Singapore’s banking future is near. Some of us may not be a fan of the idea, but online shopping will be offered by your bank in the near future!

Three banks in Singapore have informed The Business Times that they are set to go but are only awaiting a confirmation from the country’s regulator to launch the online malls.

Heng Swee Keat, Singapore’s Finance Minister, stated that the country’s Monetary Authority will rationalize the policy on anti-commingling to allow banks to invest up to 10% of their financial capital in businesses that are non-financial.

They will run online platforms that link buyers with sellers of different consumer products and services. They will also be able to conduct the online sale of different products and services.

Banks in Singapore are said to be prepared to bring this online shopping experience to their clients. Since December, DBS has gone ahead and tested the waters following a link with Carro, an online used car marketplace.

One of the bank’s spokeswoman had this to say: “Through the link, Carro uses DBS’ online traffic to link potential car sellers and buyers for a seamless experience during selling or purchasing.”

“A potential buyer is offered a list containing used cars according to their budget, potential sellers, on the other hand, are served with relevant information regarding redeeming their vehicle loans following the sale, they are then introduced to Carro so as to list the cars as for sale,” she added. Since the launch in December, the online platform has lured about 75,000 visitors.

Jeremy Soo, the head of consumer banking for DBS Bank stated that, as the biggest digital bank in Singapore with 2.6 million online clients, the policy adjustment will mean that the connecting sellers with buyers will be more effective.


“The chance to build a digital marketplace which influences our online capabilities, partnerships, as well as a wide consumer base, is a motivating opportunity that we are excited to explore” Jeremy Soo added.

The policy on anti-commingling was established in 2001 to draw a line between the financial and the non-financial commerce of banks. Its intention was ensuring that the financial institutions remained attentive to their core competencies and financial businesses.

However, as noted by Mr. Heng, the line between financial and to non-financial businesses is becoming thinner. “Banks are experiencing competition from non-financial players online who have utilized their large customer base to offer payments, digital wallets, as well remittance services.” Mr. Heng added.

Some online malls have been operated by China’s banks that are among the world’s largest financial institutions according to assets. was launched in 2013 by China Construction Bank who own a product-filled portal to attract shoppers. CCB chose to run its own online mall after ending a lending partnership with Alibaba in 2011.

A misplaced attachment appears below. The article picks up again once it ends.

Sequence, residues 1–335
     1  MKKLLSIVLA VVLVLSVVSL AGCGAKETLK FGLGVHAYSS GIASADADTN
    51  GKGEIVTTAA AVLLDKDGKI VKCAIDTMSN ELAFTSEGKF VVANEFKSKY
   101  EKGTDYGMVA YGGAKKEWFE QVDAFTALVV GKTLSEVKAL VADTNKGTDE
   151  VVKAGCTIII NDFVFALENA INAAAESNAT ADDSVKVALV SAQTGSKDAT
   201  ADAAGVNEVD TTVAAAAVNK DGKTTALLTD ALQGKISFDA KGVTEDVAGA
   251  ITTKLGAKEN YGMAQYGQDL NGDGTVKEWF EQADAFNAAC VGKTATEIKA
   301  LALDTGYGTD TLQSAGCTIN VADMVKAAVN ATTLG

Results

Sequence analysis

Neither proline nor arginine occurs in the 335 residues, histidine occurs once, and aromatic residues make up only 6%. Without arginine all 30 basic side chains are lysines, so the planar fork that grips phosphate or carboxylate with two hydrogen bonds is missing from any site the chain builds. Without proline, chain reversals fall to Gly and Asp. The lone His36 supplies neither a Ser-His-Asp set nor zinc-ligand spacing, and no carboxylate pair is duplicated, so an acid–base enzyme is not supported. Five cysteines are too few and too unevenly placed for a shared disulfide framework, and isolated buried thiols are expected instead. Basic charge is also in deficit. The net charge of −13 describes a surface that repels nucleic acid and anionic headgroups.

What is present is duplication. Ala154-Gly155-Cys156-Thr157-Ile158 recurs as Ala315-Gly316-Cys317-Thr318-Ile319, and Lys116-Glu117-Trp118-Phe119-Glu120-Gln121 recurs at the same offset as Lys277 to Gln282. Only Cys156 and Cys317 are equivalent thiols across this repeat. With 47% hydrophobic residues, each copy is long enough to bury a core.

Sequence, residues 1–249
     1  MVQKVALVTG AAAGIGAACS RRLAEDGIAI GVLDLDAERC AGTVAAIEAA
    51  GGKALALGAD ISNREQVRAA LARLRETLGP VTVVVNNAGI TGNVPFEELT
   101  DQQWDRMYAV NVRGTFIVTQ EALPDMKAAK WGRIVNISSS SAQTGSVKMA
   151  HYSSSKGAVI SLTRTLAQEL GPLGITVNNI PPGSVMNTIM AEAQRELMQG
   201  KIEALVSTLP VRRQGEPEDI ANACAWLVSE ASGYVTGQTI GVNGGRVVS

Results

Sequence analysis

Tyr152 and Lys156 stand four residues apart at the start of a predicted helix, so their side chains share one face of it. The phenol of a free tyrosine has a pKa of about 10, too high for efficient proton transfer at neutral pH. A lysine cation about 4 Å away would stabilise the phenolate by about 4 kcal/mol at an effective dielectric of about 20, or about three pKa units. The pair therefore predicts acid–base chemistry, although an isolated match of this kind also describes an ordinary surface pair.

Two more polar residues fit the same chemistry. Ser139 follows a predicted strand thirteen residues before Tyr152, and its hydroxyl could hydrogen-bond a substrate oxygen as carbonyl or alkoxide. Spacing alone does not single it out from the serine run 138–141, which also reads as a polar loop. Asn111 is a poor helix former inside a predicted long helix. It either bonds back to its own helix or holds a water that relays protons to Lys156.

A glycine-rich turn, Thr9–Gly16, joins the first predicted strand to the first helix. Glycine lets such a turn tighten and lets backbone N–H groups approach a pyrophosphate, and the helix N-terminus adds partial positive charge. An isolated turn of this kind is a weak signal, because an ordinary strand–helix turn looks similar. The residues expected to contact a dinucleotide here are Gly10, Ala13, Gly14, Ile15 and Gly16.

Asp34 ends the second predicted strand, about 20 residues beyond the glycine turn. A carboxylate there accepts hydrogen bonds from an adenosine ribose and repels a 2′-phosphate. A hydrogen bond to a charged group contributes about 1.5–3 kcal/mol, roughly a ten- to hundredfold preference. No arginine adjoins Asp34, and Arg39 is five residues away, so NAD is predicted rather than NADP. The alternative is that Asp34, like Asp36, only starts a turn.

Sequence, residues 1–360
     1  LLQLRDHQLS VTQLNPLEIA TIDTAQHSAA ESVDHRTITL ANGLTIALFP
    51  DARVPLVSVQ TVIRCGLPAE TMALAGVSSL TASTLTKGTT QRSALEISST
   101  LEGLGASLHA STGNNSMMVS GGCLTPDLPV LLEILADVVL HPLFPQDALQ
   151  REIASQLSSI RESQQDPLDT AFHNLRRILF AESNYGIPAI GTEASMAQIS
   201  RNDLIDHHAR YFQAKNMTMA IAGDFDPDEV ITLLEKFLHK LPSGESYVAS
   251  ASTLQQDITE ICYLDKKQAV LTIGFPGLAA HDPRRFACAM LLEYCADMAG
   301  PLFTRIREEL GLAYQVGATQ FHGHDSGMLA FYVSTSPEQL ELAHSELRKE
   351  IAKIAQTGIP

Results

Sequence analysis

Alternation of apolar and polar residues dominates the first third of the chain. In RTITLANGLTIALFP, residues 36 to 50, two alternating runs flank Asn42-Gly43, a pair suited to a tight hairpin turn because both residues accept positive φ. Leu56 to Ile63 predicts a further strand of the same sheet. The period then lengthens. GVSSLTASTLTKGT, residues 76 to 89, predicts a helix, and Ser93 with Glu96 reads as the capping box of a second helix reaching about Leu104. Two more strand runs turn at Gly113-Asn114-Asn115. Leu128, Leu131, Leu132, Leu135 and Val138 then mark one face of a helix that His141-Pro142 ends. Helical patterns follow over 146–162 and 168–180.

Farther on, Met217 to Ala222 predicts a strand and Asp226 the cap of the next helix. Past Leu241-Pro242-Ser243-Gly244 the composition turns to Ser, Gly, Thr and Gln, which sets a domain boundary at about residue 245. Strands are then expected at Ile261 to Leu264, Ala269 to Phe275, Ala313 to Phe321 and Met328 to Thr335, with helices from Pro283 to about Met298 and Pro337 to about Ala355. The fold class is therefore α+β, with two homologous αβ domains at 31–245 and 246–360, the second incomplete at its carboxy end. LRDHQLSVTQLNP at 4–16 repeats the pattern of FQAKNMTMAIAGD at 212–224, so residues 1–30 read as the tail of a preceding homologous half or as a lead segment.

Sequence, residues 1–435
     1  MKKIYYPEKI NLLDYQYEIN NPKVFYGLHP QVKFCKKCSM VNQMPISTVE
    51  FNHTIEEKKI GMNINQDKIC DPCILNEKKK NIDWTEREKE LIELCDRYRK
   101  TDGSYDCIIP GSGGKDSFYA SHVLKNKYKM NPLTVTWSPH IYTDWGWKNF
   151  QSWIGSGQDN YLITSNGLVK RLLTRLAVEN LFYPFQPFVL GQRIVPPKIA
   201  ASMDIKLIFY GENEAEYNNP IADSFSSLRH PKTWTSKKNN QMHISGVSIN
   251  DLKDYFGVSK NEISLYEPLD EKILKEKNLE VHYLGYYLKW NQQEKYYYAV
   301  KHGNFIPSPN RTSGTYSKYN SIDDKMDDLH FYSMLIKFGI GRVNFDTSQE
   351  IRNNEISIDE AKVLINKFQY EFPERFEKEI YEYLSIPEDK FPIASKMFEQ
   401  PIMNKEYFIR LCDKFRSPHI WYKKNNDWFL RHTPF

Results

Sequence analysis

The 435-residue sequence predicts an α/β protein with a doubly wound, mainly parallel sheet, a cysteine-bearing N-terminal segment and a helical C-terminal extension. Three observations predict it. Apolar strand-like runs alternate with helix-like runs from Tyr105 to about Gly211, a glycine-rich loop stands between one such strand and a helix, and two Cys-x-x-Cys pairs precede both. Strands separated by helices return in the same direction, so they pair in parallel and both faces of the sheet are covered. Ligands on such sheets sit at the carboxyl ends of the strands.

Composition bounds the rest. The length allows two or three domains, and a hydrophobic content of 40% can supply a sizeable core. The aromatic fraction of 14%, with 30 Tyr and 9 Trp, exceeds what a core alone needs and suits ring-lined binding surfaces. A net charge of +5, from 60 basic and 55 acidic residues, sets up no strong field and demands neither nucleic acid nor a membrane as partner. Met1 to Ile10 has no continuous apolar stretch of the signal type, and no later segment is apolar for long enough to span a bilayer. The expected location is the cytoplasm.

China’s biggest bank owns the ICBC Mall (which is Rong E Gou in Chinese). Launched in 2015, ICBC offers products it claims are almost 10,000 items from best sellers: ranging from automobiles, home appliances, financial products, hats and shoes to clothing, jewelry, travel deals, and transportation.

Rong E Gou also offers its buyers flexible payment plans, including installment payment for the more expensive items.

In their 2016 yearly report, ICBC said that ICBC Mobile hosted 253 million users, 66 million of them being active users which are averagely 64% per year. The ICBC Mall e-commerce is claimed to have hit a yearly transaction capacity of $254 billion.

ICBC Link, ICBC Mall’s instant messaging app had multiplied its user database by 12.4 times by the end of the year to hit 66.49 million users. ICBC became the biggest Chinese bank in internet financing.

SkyShopper was launched by Emirates NDB who decided to venture into online shopping during May 2017. On visiting the bank’s online platform, offers from SkyShopper pop up alongside other banking products.

SkyShopper also partners with e-commerce portals located in the US and in India; it claims there are averagely 50 million goods on the US online stores.

SkyShopper is a platform that only displays offers brought forth by merchants for Emirates NBD’s clients. The bank, on the other hand, does not sell or render any of the products and services. It simply facilitates payment by its customers while earning no fees from hosting of the website.

A spokesman for United Overseas Bank said the move by the Monetary Authority to restructure the regulatory conditions on banks performing/investing in allowed non-financial ventures is very welcome.

Pranav Seth, the head of fintech and innovation group, business transformation and, e-business for OCBC Bank, pointed out that the future is where banking becomes a part of everyday life, financial decisions, and commerce.

“For instance, if we offer loans to customers to purchase a fridge while they browse and compare models online, it would improve the user experience as well as create potential business opportunities for banks.

The MAS is set to offer operational details regarding the changes the in policy in a consultation paper said to be released through end of September.